Excitement, intrigue and a touch of nervousness fill me as I prepare to attend the extraordinary synod of bishops on the theme of “The Pastoral Challenges of the Family in the Context of Evangelisation”. I am attending, at the Archbishop of Canterbury’s request, as the Fraternal Delegate from the Anglican Communion. It is a deep honour both that Pope Francis has asked for fraternal delegates to be present for this important assembly, and that I have been asked to be the Anglican representative.
The nervousness I hope will be easily understood. I have visited Rome as a tourist (and loved it), but never in a formal way as a bishop. Colleagues who have been before have assured me of a warm welcome, an openness of conversation, and a life- and faith-enhancing experience. I am sure they are right, but the personal nerves are bound to be there. Then it is a whole two weeks away from my wife, my home and my own diocese. I have brilliant colleagues who will oversee things, and phone and emails mean contact is easy. My wife is used to me being away often, but two weeks is longer than usual.
The intrigue is varied. These synods run in a very different way from how we run them in the Church of England. The long listening to many relatively brief “interventions” would appear to be much less of a debating style than we use either in the House or College of Bishops, or in our General Synod. The latter is, of course, also bishops, clergy and laity, whereas there is the voice of bishops will predominate at this one. So operating in a very different style intrigues me; and I hope to learn from it. I am intrigued, too, to see how the responses which have been collated in the instrumentum laboris, or working document, are actually used by and through the synod. Then I am intrigued to discover what happens away from the congregational and group times. In our gatherings, side conversations often play an important part in helping us understand each other’s views more deeply. Will these happen in Rome or does it all simply get left “in the room”?
I am intrigued also by my fellow fraternal delegates. They come from the Ecumenical Patriarchate of Constantinople, the Patriarchate of Moscow and all Russia, the Coptic Orthodox Church, the Syrian Orthodox Patriarchate, the Lutheran World Federation, the World Communion of Reformed Churches and the Baptist World Alliance. I believe we are all residing in the same place. So what will they be like? What relationships will we build together in our time together? Here is a further massive learning opportunity to discover more about my brothers and sisters in very different ways of expressing our common commitment to our Lord Jesus Christ.
Then there is the intrigue of what will finally emerge from the conversations. It is very clear that Pope Francis is committed to a Church that reflects the mercy of God. In advance I have sought to follow some of the pieces being written around the theme of mercy, and the different stances that there appear to be from different leading figures within the Church. The instrumentum laboris makes it clear that there have been a wide range of responses to the questions posed to the People of God around the world. Just what will emerge will be fascinating. It will also influence all churches around the world since we are all exploring the same pastoral challenges in the light of our common commitment to evangelisation.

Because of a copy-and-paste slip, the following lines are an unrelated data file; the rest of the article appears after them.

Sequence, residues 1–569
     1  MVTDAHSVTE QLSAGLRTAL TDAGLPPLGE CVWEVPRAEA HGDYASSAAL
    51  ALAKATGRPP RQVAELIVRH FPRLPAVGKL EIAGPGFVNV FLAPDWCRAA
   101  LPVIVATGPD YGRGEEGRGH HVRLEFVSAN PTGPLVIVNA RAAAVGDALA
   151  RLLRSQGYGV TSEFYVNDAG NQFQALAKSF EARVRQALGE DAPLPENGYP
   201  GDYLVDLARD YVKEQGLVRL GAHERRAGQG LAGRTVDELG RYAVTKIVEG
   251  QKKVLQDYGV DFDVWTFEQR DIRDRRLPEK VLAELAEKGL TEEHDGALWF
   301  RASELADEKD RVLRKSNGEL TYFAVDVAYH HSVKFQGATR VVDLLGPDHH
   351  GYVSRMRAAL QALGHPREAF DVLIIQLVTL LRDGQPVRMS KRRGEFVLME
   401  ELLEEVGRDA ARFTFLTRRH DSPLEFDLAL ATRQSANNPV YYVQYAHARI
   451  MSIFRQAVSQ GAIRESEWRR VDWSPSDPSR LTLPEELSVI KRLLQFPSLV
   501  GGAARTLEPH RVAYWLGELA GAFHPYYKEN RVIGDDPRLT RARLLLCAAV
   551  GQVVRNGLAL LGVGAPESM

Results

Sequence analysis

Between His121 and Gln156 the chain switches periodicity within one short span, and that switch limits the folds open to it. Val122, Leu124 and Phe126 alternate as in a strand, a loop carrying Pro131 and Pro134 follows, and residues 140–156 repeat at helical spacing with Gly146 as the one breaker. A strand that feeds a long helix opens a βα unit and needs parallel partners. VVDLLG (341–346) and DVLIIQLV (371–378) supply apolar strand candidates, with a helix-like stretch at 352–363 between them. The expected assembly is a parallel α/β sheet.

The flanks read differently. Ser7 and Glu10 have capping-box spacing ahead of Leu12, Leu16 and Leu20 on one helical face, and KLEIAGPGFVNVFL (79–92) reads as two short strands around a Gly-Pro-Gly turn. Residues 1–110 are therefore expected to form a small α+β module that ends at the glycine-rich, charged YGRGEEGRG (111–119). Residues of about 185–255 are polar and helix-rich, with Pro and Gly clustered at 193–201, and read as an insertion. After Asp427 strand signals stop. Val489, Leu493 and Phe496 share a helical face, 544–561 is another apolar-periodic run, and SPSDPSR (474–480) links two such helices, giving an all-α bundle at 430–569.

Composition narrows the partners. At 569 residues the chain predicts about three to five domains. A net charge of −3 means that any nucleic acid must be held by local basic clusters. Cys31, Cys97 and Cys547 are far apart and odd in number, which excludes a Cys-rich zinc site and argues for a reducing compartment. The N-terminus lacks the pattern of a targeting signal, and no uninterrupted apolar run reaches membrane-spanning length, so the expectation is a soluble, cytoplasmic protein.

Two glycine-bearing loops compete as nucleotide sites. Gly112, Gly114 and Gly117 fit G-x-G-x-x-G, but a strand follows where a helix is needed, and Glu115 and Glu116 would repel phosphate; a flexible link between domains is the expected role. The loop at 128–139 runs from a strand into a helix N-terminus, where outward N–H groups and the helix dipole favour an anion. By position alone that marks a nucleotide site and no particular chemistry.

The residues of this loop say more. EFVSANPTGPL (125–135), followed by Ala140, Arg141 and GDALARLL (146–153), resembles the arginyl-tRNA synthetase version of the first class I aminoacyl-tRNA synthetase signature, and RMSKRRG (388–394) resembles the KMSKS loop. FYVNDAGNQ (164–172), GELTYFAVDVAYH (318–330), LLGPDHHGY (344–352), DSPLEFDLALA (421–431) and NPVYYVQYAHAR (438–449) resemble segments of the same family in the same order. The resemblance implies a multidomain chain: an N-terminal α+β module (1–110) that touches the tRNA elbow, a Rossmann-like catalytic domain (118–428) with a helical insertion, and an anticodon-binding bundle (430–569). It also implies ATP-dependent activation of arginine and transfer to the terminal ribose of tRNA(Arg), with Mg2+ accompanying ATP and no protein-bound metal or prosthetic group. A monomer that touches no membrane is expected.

Finally, there is the excitement. I would not be truthful if I did not admit to a high level of excitement at what lies ahead. Pope Francis has made an enormous impact since his elevation. The opportunity to be involved with him on such a vital issue is humbling and exciting.
For my entire Christian life (I became a Christian as a teenager) I have been engaged in a wide variety of ways in ministry to, with, for and by children and young people. I have sought to promote and enable healthy family life in church and society. I remain deeply committed to believing that Scripture teaches that marriage and family life are at the core of healthy societies. I also believe that this is endorsed by our traditions, by reason and by experience across the world and in the vast array of cultures that enrich us all. Yet we are faced, in different ways in our varied settings, with some very deep challenges to how we express this in a rapidly changing world. So many of the responses in the instrumentum laboris ring true from my experience here in Britain and also from my regular visits to Rwanda, Burundi and Uganda, and contact with church leaders in many other parts of the world.
The challenges also offer exciting possibilities. I am not convinced that we can simply reiterate and roll out old answers. We have to be merciful and creative in our responses. So I am excited to be part of conversations where some new thinking and new ideas might emerge. These will be faithful to Scripture and tradition I am sure, but what might mercy look like in fresh ways?
Understandably, there is a commitment to confidentiality in the proceedings of the synod. Everyone present needs to be able to express themselves openly so that the full range of ideas and possibilities is explored. But I hope to be able to write some reflections on my experience as the two weeks unfolds. I will do so through my blog Through the Eyes of a Bishop (Bishoppaulbutler.wordpress.com).
I approach the synod, above all, with prayerfulness. May the Holy Spirit grant to the synod deep wisdom which honours the name of our Lord Jesus Christ and brings glory to our Father God. May its outcomes truly be a blessing to the families of our world, in all their diversity. And may it aid the evangelisation task which has been committed to us all by our Lord.

Article written for Catholic Herald 2-10-14

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